Amanda Iñigo vs. Guillermo Cabrera, et al. | G.R. No. L-1032, November 23, 1946

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Republic of the Philippines


G.R. No. L-1032 | November 23, 1946

AMANDA IÑIGO, petitioner,
GUILLERMO CABRERA, Judge of the Municipal Court of Manila, and LUISA DE LA FUENTE, respondents.

Rafael S. Santayana for petitioner.
Leonardo L. Garcia for respondents.


The petitioner Amanda Iñigo is the defendant in an ejectment suit in the Manila municipal court (civil case No. 1954), wherein respondent Luisa de la Fuente demands the return of the premises known as No. 138-B, Guipit, Sampaloc, leased to the former by the previous owner, Felixberto Iral. The new proprietress desires to occupy that apartment. After hearing the parties, the respondent judge rendered on August 27, 1946, a judgment ordering defendant (petitioner herein) to vacate, and to pay the plaintiff “the sum of P22, which is the reasonable value of rent of said premises for the period of June 9 to 30, 1946, and the further sum of P100 monthly, by way of damages, beginning July 1, 1946 until the defendant vacates and surrenders to the plaintiff the premises in question, plus the costs of suit.” (Appendix D.)

In a motion for reconsideration, Amanda Iñigo vigorously objected, among other things to the award of 100-peso monthly damages; but the respondent judge declined to reconsider. Consequently, she announced and perfected her appeal to the Court of First Instance.

Foreseeing the probability that during the pendency of the litigation in the appellate court she could not make monthly one-hundred-peso deposits, and believing that the order of ejectment would then be inevitably carried out, petitioner instituted this special civil action for certiorari to annul that judicial order, alleging and arguing that it is in excess of jurisdiction or constitutes a grave abuse of discretion.

The respondents made answer sustaining the validity of the disputed directive. They assert, furthermore, that certiorari does not lie, because petitioner has a plain remedy by appeal.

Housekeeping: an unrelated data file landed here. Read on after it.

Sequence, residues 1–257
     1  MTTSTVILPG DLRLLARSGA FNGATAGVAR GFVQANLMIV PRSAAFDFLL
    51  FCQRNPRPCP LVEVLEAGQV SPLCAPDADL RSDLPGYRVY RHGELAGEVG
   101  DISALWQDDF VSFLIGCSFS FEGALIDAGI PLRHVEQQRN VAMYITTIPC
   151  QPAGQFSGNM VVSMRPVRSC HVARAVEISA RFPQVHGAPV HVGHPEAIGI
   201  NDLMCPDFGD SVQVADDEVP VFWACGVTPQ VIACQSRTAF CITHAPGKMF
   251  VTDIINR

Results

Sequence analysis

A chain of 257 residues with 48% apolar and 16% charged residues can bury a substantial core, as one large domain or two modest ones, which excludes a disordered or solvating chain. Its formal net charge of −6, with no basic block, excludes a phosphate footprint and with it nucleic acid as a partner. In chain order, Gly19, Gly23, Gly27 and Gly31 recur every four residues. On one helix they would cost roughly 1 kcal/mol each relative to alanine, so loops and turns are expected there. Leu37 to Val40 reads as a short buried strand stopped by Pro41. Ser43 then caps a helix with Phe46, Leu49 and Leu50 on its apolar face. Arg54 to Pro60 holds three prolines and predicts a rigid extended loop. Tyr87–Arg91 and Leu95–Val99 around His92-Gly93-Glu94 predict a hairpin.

In the light of our controlling decisions,1 it might be contended that the award for damages in the illegal detainer case was improper and erroneous. However, specific pronouncement on the point becomes unnecessary, because of the pendency of the ejectment proceedings in the Court of First Instance of Manila, wherein any mistake on the matter could be expeditiously corrected.

On the other hand, it is fundamental in this jurisdiction that, generally, the writ of certiorari will not issue whenever there is a remedy by appeal.2 And this principle appears to be decisive against the herein petitioner.

As the contention that such appeal is insufficient to protect her rights because the ejectment order might at any time be executed for her failure monthly to pay the 100-peso damages, it is enough to indicate that, under the Rules of Court,3 she is not required periodically to make such deposit, for the reason that the pleadings and decision in the municipal court show, and respondents’ attorney admits, that the amount does not represent a finding by the court on the reasonable rentals or compensation for the use of the premises. Furthermore, the same attorney said at the hearing of this petition, that knowing such amount to be real damages — not rentals — he had no intention to ask for execution of the removal order should petitioner fail periodically to make one-hundred-peso payments.

In view of the foregoing considerations, the petition for certiorari is denied. No costs.

Moran, C.J., Paras, Feria, Pablo, Hilado, Briones, Padilla and Tuazon, JJ., concur.


PERFECTO, J., concurring: